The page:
Tiger found lying on bed inside house while sheltering from India floods

Millions displaced and 97 dead in Bihar and Assam as monsoon continues

Chiara Giordano
Thursday 18 July 2019 18:16
comments
A Bengal tiger was found lying on a bed inside a house as it sheltered from flooding at nearby Kaziranga National Park during a monsoon in Assam, India, 18 July 2019.
A Bengal tiger was found lying on a bed inside a house as it sheltered from flooding at nearby Kaziranga National Park during a monsoon in Assam, India, 18 July 2019.

A tiger was found lying on a bed inside a house as it sheltered from a deadly monsoon in India.

The adult Royal Bengal tiger is thought to have strayed into a village near Kaziranga National Park, in Assam, as 95 per cent of the protected area was submerged by severe flooding.

The Wildlife Trust of India tweeted an image of the animal, which could be seen resting its head on its leg as it laid on the bed.

The owner of the house was reportedly alerted to his guest when neighbours began screaming as they saw it entering his home.

Park director Shiv Kumar said: “It appears the tiger strayed into a human settlement area to escape the floods and now appears very tired. We are preparing to tranquillise the tiger.”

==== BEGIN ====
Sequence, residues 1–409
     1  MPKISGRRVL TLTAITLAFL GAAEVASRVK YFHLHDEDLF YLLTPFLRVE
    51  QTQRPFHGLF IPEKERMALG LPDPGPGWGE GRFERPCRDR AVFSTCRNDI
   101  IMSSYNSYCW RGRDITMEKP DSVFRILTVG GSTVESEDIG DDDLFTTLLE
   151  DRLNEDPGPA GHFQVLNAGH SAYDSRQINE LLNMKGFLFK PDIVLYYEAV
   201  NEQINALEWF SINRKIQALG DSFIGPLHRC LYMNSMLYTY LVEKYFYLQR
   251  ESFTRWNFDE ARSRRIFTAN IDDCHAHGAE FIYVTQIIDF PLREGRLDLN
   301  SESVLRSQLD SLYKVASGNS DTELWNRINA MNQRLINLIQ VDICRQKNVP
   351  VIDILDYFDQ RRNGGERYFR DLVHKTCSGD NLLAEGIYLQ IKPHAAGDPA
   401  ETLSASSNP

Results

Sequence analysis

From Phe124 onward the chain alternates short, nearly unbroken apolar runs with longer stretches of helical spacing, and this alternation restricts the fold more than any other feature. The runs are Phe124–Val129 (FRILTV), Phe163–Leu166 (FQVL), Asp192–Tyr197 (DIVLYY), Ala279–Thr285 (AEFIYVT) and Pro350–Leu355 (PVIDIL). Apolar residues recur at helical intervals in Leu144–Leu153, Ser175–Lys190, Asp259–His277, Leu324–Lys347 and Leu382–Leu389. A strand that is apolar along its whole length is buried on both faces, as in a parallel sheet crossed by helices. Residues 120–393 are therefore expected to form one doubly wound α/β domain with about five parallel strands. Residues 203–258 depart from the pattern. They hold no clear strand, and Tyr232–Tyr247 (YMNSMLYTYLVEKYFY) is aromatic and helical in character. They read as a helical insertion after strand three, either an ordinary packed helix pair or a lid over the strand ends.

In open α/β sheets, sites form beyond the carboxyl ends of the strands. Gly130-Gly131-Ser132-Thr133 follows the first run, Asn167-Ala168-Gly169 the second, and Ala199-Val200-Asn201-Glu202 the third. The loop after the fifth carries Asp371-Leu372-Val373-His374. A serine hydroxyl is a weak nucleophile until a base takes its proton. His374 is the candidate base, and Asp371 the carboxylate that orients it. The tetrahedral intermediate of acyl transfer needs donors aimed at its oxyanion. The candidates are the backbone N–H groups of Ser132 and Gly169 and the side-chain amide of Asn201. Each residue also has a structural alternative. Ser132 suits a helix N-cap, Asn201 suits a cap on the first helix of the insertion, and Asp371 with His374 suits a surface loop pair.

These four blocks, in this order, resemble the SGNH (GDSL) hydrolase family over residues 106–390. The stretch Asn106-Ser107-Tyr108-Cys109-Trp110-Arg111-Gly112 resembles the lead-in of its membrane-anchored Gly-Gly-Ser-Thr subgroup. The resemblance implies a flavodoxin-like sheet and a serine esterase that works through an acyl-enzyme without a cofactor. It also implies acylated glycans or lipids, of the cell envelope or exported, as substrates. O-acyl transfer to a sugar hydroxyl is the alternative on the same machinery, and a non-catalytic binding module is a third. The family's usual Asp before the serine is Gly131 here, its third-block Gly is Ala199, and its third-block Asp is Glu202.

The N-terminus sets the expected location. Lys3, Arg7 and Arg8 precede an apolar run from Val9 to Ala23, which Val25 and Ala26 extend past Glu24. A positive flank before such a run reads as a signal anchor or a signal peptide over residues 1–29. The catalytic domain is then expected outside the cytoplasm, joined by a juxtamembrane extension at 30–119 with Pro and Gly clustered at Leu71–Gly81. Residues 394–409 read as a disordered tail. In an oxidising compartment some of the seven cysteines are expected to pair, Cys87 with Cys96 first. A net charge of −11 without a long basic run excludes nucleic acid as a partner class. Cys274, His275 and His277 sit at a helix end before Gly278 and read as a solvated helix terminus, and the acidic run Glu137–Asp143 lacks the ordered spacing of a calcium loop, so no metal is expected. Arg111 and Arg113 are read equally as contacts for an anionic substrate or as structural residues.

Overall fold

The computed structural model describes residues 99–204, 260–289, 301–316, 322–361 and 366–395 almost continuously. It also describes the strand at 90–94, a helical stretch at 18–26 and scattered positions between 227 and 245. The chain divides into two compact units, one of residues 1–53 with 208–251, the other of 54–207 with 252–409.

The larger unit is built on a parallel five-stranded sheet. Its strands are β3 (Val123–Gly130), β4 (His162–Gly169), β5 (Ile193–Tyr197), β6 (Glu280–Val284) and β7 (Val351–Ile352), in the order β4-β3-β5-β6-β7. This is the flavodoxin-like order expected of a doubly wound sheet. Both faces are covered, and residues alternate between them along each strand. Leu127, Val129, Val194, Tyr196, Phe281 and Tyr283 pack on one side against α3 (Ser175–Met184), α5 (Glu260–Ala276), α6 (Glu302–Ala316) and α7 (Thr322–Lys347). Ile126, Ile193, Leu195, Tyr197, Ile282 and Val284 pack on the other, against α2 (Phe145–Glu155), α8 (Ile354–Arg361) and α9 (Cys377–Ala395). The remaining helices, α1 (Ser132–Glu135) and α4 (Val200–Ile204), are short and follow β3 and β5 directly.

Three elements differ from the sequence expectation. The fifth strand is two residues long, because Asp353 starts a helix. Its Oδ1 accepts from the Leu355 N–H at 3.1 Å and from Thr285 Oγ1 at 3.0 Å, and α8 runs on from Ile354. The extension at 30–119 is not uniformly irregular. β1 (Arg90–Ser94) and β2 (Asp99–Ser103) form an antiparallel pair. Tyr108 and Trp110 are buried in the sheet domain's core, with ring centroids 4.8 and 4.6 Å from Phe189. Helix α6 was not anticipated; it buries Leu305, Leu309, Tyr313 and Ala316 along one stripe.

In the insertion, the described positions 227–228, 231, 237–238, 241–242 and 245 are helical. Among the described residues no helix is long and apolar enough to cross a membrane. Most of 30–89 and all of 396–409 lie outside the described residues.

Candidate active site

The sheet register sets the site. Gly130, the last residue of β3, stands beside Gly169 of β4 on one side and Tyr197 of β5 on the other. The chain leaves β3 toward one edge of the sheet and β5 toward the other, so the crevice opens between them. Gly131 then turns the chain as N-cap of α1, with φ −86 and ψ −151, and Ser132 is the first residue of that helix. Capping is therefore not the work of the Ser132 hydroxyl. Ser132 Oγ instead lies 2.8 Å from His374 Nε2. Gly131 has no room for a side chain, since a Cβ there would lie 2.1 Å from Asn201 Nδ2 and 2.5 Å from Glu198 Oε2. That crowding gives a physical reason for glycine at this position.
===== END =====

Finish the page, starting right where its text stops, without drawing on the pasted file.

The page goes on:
The Wildlife Trust said the tiger was spotted walking across the national highway as it headed towards nearby hills for refuge at about 8.30am on Thursday.

It tweeted: “Probably disturbed, he jumped across the wall of a scrap garage & took refuge in the dark room [of the house].”

Park and trust officials tranquilised the animal and waited until dark before they blocked off the highway and helped it to return to the safety of the forest.

A Bengal tiger was found lying on a bed inside a house as it sheltered from flooding at nearby Kaziranga National Park during a monsoon in Assam, India, 18 July 2019.

The monsoon season, which lasts from June to September, has brought heavy rainfall, flooding and landslides to Nepal, India, and Bangladesh.

At least 43 animals have been killed, as well as 97 people, including children, in the Indian states of Bihar and northeastern Assam, officials said.

Unicef estimates that more than 12 million people, including about five million children, have been affected, with many forced out of their homes and into camps and makeshift settlements.

While many areas remain inaccessible because of damaged roads, bridges and railways, the most urgent needs for children are clean water, hygiene supplies to prevent the spread of disease, food supplies and safe places in evacuation centres for children to play, the charity said.

Jean Gough, Unicef regional director for South Asia, said: “Across the region, we are seeing the devastating impact of extreme weather events on children and families.

“As weather events become more extreme, unpredictable and erratic, it is children who are paying the heaviest price.

“Unicef is responding urgently, working with local authorities and partners to ensure children are kept safe, and provided the support needed.”

Additional reporting by Reuters

Join our new commenting forum

Join thought-provoking conversations, follow other Independent readers and see their replies

View comments